Accountant Colin Tatterson, a director at Pitcher Partners, is on the board behind the anti-pets campaign. Another resident at the Domain Rd apartment block, which overlooks the Royal Botanical Gardens, is former governor general Sir Ninian Stephen - but he said he did not mind pets as long as they were quiet.

It is understood at least $50,000 was spent on the 10-month stoush. The dispute was resolved late last week after Ms Gray agreed not to take Princess into the building. She was unable to afford to continue the legal battle.

Ms Gray, 47, says she can't understand why there has been such a fuss over her pet. She said her dog didn't bark, would never leave a mess and was so well behaved she was welcomed at Mass by the nuns at the Carmelite Monastery in Kew. Ms Gray said Princess lived at her mother's house in Kew and visited overnight only about 20 times a year, often on Thursdays when they watched dog detective television show Inspector Rex. Ms Gray, a town planner, also accused some residents in the block of spying on her.

But under the rules of the Domain Park's resident-controlled management company, no pets are allowed, not even budgies or goldfish. And that's not the only rule - prams and bicycles must enter the building through the car park, not the lobby, and "soiled" running shoes are not welcome either. Even buying into the building is difficult. Prospective owners must prove they are of good character in an interview with the company board before they are allowed to buy an apartment.

Michael Trumble, solicitor for Domain Park management, said his client was pleased with the outcome. Some residents had bought into the building at 193 Domain Rd because of the no-pets rule, he said.


Saturday, November 29, 2008

The flow of "Boat people" has resumed

Kevvy's new softer policy was noticed immediately. A problem that Howard solved is back again

Indonesian and Australian police have stopped 14 boats laden with asylum seekers from travelling to Australia this year, including at least three in the past six weeks, as people-smuggling activity accelerates across the archipelago. Four boats have made it to Australian waters. On Thursday, one of them, with 12 Sri Lankans aboard, became the first boat in two years to reach the mainland, near Shark Bay in Western Australia. Government sources said the arrivals, who were being transferred to Christmas Island, would have access to Australian law should they claim asylum.

The previously undisclosed figures on people-smuggling disruption, confirmed by Australian Federal Police, highlight the success of the joint operation combating human trafficking. But the data also points to a spike in asylum seekers trying to come to Australia, a politically sensitive issue for the Rudd Government. This year, the Government softened its policy towards illegal immigrants and has allowed the navy - which intercepts boats - to stand down for two months over Christmas due to a manpower shortage.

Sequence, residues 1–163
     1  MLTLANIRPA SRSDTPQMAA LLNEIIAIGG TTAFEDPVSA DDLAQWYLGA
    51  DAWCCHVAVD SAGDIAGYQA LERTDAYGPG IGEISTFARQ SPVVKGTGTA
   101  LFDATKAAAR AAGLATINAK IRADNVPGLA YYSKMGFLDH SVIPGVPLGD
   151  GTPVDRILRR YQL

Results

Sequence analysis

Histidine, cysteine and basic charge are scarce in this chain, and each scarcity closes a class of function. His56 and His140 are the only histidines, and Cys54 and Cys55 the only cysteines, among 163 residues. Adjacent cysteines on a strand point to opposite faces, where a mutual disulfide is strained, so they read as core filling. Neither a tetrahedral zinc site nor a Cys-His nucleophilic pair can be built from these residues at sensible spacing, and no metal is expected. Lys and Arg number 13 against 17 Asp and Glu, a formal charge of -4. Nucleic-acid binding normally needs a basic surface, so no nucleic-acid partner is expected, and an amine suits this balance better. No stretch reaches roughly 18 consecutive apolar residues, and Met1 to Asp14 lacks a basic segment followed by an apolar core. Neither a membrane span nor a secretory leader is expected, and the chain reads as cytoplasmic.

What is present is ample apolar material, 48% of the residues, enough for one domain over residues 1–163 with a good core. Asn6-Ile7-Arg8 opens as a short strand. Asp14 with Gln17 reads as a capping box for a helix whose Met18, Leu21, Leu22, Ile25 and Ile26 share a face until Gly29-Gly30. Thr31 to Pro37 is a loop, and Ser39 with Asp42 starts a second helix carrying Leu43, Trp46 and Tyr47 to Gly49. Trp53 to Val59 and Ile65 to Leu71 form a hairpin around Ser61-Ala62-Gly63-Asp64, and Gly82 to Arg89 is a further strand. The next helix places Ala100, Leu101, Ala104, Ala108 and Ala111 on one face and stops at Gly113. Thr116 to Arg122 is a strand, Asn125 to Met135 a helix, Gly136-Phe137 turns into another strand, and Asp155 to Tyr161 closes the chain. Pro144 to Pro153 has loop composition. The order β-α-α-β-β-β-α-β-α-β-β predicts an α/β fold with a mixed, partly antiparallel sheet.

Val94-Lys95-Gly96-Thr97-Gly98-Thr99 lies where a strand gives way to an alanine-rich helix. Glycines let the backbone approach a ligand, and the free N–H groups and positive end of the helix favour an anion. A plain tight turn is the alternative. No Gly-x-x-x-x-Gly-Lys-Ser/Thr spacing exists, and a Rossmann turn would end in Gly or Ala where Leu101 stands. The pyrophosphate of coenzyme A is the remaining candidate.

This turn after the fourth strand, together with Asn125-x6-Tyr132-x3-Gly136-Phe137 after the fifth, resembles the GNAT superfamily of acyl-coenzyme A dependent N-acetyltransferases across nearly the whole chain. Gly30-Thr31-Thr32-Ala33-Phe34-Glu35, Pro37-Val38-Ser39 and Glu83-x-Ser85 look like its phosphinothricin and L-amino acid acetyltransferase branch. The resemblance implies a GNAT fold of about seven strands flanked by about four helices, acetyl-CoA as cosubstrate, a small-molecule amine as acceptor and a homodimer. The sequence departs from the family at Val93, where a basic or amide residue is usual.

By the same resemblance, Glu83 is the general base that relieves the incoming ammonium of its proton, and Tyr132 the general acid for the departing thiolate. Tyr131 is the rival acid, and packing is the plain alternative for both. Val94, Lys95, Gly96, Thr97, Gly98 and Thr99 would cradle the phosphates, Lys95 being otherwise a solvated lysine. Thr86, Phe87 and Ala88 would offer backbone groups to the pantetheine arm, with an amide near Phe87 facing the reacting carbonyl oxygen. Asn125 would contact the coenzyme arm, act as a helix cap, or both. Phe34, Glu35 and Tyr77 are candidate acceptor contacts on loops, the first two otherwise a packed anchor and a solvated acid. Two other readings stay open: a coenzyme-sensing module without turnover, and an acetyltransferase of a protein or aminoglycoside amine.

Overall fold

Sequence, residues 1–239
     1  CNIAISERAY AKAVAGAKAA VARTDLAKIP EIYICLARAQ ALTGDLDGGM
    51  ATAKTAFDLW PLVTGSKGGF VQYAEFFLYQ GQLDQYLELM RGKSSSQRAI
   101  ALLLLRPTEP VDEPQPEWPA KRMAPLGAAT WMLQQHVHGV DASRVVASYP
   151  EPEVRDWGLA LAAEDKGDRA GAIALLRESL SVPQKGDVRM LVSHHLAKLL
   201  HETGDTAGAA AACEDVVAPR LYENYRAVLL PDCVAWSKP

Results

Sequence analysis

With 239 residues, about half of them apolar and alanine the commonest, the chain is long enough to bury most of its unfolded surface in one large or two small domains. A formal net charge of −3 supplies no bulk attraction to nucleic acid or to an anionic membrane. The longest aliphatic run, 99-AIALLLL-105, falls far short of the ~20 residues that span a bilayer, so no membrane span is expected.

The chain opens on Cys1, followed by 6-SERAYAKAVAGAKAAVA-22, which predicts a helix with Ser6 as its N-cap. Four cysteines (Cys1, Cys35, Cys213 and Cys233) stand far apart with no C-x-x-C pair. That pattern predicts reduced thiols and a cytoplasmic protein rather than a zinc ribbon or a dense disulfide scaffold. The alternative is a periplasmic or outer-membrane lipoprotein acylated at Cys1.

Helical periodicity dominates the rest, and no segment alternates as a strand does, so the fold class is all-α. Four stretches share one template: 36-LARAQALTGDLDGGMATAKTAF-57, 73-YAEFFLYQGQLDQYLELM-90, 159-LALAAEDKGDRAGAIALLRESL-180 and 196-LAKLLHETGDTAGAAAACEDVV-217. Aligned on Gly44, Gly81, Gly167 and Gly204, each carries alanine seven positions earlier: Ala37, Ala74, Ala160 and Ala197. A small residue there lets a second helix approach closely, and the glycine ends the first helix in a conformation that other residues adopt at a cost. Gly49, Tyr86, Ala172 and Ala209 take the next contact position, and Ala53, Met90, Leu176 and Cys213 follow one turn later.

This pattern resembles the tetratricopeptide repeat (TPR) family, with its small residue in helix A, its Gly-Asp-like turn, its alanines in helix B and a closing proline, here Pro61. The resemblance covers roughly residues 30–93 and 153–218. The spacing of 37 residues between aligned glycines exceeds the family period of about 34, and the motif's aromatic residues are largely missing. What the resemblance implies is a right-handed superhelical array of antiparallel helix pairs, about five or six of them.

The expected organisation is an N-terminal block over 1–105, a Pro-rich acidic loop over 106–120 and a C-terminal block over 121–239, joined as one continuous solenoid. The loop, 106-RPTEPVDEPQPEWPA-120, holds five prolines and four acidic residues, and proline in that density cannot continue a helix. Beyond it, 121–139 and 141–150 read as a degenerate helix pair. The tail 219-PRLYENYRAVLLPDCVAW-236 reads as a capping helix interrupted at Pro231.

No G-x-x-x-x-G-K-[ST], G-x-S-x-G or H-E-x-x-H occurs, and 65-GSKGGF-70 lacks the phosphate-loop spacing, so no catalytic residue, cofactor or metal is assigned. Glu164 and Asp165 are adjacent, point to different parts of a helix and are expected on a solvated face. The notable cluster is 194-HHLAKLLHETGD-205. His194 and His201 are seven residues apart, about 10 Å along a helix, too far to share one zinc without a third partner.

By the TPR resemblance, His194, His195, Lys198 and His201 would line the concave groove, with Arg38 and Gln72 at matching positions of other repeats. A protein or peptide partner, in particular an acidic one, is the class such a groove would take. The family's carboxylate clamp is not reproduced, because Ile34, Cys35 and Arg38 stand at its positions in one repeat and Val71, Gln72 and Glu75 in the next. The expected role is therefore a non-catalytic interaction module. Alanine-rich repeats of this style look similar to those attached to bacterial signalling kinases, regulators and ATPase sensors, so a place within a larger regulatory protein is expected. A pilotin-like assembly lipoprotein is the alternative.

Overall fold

"We have a lot of problems with this smuggling," Paulus Purwoko, deputy chief of criminal investigations at Indonesian National Police, told the Herald. He said the number of boat crossings to Australia had increased, particularly in recent months. "They transit first through Malaysia, then from Malaysia to Indonesia. We believe it is organised by a syndicate. "When they get to Indonesia, they try to make a deception to the Indonesian police. They throw away their passports. They get a UNHCR [United Nations High Commissioner for Refugees] letter of recommendation or ID. Some of them have originals, the rest have fakes."

The Australian Federal Police has played a critical role in combating human trafficking by providing intelligence. But Mr Purwoko said it was difficult to keep tabs on smugglers due to Indonesia's long coastline and because the boats were leaving from different places each time. He expressed grave fears for the asylum seekers, saying the syndicates use the flimsiest of boats to save money, creating huge risks for their human cargo. The worst time to attempt the crossing is over summer, when the seas are roughest. It is also when the navy will be undertaking limited operations.

Indonesian police have made numerous arrests, including Afghan, Pakistani and Indonesian nationals. Many of the asylum seekers are from Afghanistan, reflecting the deteriorating security there and rise in persecution against ethnic minorities as the Taliban exerts more control. Others have come from Iraq, Somalia and Sri Lanka, all countries besieged by violence.

The Herald interviewed two Afghan asylum seekers this week in Jakarta. The men, who cannot be identified because it would jeopardise the safety of their families, said people-smuggling syndicates are paid up to $US12,000 a person. "They promise they will arrive in Australia or some other country like Britain," said one of the men. They said asylum seekers wanted to come to Australia because it was "safe".


Global cooling fails to cool protagonists of global warming

Europe is shivering through an extreme cold snap. One of the coldest winters in the US in more than 100 years is toppling meteorological records by the dozen, and the Arctic ice is expanding. Even Australia has been experiencing unseasonable snow. But the stories about global warming have not stopped, not for a second.

In May last year, The Sydney Morning Herald breathlessly reported that climate change had reduced the Southern Ocean's ability to soak up carbon dioxide, claiming that as a result global warming would accelerate even faster than previously thought. The story was picked up and repeated in a number of different journals around the region. But this week the CSIRO suggested the exact opposite. "The new study suggests that Southern Ocean currents, and therefore the Southern Ocean's ability to soak up carbon dioxide, have not changed in recent decades," it said. This time the story got no coverage in the SMH, and was run on the ABC's website as evidence the Southern Ocean was adapting to climate change.